ANCHORAGE, Alaska (AP) — An investigation has been launched after a person believed to be an Anchorage, Alaska, police officer was shown in a photo with a woman in town for a Donald Trump rally flashing a novelty “White Privilege card.”
The social media post caused concerns about racial equality in Alaska's largest city.
Mimi Israelah claimed in a Facebook post that she was pulled over for weaving at 3:43 a.m. while driving to a pizzeria in Anchorage after arriving on an early-morning flight from California for Trump’s rally Saturday to support local Republican candidates he’s backed.
“Officer Bo” asked for her driver’s license but she couldn’t find it, she wrote on Facebook.
“When I saw my White Privilege card, I gave to him if it’s ok,” she wrote. “He laughed and called his partner. It’s their first time to see a White Privileged (sic) card,” she said.
The top of the novelty card reads: “White Privilege Card Trumps Everything.”
Israelah in her Twitter biography describes herself as Pinay, or a woman of Filipino origin.
A video apparently taken by Israelah of the encounter has been reposted on Twitter. Two officers are seen standing outside her car window. She asks one, “You like my White Privilege card?” The unidentified officer says, "That’s hilarious.”
In the Facebook comments shown at the end of the video, someone asks if she received a ticket. She replied, “nope.”
The original Facebook post has been deleted but screenshots and the video appear on social media.
It was not immediately clear if disciplinary action would be taken against officers involved or if a citation was actually issued to Israelah.
“Per the municipal attorney’s office we are unable to answer these questions as the incident is currently under investigation and it relates to personnel matters,” Anchorage police spokesperson Sunny Guerin said in an email to The Associated Press.
Attempts to reach Israelah through her Facebook page were not immediately successful.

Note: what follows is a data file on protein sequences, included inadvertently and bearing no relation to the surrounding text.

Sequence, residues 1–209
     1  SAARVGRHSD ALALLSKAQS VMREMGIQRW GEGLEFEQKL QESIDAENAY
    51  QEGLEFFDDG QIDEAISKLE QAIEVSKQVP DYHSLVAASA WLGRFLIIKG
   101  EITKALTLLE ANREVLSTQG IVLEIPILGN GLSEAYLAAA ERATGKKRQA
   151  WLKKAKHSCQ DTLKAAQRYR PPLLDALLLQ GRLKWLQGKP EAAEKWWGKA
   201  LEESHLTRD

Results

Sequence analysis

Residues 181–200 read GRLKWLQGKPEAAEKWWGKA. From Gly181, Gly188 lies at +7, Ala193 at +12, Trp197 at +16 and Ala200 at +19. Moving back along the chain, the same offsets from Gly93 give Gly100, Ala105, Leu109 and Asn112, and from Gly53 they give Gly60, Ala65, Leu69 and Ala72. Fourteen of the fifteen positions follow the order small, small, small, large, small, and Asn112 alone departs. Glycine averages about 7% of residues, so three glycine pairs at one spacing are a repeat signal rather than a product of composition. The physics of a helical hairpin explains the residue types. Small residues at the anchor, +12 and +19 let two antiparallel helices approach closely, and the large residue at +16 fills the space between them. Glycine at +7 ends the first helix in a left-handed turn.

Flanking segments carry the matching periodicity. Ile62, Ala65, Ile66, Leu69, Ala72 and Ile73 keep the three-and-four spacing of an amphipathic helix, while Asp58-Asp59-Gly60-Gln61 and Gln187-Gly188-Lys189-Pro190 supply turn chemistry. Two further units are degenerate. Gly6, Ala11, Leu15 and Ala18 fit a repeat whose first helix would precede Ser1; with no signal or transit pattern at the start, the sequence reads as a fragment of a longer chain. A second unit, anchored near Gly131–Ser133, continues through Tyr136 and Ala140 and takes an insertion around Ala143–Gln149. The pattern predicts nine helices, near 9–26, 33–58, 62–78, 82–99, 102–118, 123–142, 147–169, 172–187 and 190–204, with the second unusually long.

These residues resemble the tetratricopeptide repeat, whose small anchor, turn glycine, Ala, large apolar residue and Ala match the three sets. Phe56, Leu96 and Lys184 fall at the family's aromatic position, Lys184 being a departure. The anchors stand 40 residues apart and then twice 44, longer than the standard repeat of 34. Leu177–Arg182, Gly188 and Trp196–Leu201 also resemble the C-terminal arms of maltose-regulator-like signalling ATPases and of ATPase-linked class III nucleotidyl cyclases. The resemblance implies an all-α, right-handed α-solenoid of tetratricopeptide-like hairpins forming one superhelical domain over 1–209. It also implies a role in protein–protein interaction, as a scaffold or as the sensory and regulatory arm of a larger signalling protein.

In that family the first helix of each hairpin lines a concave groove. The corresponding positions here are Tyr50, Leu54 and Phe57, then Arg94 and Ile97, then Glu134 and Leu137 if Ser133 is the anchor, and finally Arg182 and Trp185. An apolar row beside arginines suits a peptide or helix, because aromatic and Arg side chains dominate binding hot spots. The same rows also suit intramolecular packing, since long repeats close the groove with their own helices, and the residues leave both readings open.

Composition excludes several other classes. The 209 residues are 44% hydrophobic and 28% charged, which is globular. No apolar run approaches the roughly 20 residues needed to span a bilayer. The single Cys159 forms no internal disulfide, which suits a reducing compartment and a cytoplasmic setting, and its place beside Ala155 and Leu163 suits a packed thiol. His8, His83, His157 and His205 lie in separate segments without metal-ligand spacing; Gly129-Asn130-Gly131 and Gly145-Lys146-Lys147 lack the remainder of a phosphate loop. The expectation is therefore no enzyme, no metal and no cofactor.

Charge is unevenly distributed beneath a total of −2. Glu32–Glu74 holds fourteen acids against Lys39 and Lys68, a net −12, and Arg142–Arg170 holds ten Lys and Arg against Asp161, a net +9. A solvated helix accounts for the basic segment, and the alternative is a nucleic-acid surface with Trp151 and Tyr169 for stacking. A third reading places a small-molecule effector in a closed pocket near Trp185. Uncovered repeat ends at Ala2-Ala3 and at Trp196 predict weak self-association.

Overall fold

Police Chief Michael Kerle on Tuesday posted a message on the department’s website.
“Our mission is to protect and serve our community in the most professional and compassionate manner possible,” he wrote. “Our vision is to create an environment where everyone matters.”
Celeste Hodge Growden, president of the Alaska Black Caucus, an advocacy group for Black people and Indigenous people of color, said: “When you’re not able to recognize Black lives, you just don’t get to all lives.”
Hodge Growden said she was disappointed by the picture. She also wants to know what the consequences were for Israelah if she didn’t have her driver’s license and was weaving while driving.
“I know that there are people of color that weave and they get ticketed,” she said. “They don’t have that white privilege, get-out-of-a-citation card.”
Anchorage Police Sgt. Jeremy Conkling, president of the Anchorage police union, said the officers involved have been served with a notice of investigation.
Conkling told the Anchorage Daily News he knew little about the situation and couldn’t say how many officers were being investigated.
“There’s always more to the story than a photograph tells,” said Conkling, who didn’t immediately return a message from the AP.
When the investigation is complete, Hodge Growden said the results should be made public.